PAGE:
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The New York Times

December 11, 2003

British Warning on Antidepressant Use for Youth

By: ERICA GOODE

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British drug regulators yesterday recommended against the use of all but one of a new generation of antidepressants in the treatment of depressed children under 18. In a letter sent to doctors and other health professionals, the government regulators said a review of data on the safety and effectiveness of the drugs, known as S.S.R.I.'s, indicated that their benefits did not outweigh their potential risks.

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"One big problem for outside researchers, and for the public, is that the data that seems to show a link between the drugs and suicide is privately held by drug companies, though it has been provided to the government agencies.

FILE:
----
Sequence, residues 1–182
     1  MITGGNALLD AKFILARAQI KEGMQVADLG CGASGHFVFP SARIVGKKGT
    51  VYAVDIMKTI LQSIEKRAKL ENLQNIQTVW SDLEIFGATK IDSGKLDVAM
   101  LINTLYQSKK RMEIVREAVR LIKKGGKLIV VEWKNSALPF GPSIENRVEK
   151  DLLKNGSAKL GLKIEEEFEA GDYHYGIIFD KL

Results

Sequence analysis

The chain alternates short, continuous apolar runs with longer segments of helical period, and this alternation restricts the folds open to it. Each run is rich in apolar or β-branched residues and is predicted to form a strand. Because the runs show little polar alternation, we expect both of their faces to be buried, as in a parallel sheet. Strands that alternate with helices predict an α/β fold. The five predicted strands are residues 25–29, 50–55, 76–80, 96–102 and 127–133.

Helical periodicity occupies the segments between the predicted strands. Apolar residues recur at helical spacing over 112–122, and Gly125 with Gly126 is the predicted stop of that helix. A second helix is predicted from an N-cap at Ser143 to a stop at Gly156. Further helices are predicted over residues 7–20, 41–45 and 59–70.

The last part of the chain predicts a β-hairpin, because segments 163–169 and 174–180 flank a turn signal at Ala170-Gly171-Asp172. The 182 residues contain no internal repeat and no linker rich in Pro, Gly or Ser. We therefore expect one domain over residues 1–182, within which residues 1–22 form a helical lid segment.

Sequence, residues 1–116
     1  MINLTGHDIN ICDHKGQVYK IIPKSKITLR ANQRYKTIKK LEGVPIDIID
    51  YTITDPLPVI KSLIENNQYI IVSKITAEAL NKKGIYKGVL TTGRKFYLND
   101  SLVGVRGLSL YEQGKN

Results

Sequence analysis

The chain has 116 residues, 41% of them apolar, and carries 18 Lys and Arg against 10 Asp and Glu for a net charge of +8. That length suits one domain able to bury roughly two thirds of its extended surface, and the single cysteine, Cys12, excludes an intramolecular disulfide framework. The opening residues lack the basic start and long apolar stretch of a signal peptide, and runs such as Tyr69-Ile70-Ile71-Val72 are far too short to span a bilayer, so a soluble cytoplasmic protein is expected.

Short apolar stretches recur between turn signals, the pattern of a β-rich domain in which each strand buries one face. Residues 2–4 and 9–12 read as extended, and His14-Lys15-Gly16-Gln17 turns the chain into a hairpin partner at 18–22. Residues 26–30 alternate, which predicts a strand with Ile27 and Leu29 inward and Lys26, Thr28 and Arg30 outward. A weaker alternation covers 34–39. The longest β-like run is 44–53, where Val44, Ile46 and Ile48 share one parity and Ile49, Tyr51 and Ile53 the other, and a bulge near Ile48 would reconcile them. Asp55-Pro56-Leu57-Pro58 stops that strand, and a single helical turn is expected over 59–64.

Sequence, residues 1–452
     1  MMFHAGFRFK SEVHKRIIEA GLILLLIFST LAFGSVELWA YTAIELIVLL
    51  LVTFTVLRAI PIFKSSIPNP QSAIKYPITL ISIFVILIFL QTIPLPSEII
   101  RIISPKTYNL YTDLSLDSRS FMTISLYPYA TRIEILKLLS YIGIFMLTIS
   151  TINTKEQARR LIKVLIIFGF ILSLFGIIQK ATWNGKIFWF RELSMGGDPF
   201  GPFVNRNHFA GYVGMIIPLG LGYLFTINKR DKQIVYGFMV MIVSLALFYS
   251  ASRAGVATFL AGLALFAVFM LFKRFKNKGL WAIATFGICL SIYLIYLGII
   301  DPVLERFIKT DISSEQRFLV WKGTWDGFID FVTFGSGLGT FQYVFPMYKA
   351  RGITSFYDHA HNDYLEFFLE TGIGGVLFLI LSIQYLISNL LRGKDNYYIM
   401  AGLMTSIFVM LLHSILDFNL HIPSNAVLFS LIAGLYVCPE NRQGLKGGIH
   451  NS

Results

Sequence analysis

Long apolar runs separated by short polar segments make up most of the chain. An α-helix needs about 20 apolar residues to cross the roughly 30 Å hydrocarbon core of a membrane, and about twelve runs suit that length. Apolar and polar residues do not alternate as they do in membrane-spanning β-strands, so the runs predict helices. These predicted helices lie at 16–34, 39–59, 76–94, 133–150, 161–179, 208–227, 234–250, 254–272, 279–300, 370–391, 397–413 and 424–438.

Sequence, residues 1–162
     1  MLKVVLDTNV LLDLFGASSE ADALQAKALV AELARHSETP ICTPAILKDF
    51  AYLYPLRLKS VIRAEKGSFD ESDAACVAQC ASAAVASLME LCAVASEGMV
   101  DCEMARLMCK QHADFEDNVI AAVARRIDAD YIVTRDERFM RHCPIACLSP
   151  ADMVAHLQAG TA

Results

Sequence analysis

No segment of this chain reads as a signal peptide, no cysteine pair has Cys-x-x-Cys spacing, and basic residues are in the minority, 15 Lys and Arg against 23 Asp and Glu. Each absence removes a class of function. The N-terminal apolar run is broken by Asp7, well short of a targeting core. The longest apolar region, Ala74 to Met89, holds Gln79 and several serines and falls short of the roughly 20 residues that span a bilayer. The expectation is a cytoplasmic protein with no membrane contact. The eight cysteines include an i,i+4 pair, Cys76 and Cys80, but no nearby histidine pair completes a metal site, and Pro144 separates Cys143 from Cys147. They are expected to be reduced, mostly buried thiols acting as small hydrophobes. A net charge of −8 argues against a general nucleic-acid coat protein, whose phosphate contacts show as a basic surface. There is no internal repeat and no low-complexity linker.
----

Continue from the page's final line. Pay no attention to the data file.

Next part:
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"Dr. David Shaffer, a professor of psychiatry and pediatrics at Columbia University who sent a letter on the issue at Pfizer's request to the British drug agency, said he had concluded that there was insufficient data to restrict the use of the drugs in adolescents. "The bottom line is that suicidal ideation and suicide attempts are very common in depressed kids," he said."

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